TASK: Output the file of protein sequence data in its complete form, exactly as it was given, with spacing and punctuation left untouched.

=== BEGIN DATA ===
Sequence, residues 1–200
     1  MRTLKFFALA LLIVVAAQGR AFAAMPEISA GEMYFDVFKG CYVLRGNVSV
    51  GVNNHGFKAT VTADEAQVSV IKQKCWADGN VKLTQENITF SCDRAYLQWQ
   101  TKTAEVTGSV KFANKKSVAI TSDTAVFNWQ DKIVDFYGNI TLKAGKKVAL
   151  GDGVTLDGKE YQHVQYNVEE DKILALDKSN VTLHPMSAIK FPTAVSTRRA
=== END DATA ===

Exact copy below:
Sequence, residues 1–200
     1  MRTLKFFALA LLIVVAAQGR AFAAMPEISA GEMYFDVFKG CYVLRGNVSV
    51  GVNNHGFKAT VTADEAQVSV IKQKCWADGN VKLTQENITF SCDRAYLQWQ
   101  TKTAEVTGSV KFANKKSVAI TSDTAVFNWQ DKIVDFYGNI TLKAGKKVAL
   151  GDGVTLDGKE YQHVQYNVEE DKILALDKSN VTLHPMSAIK FPTAVSTRRA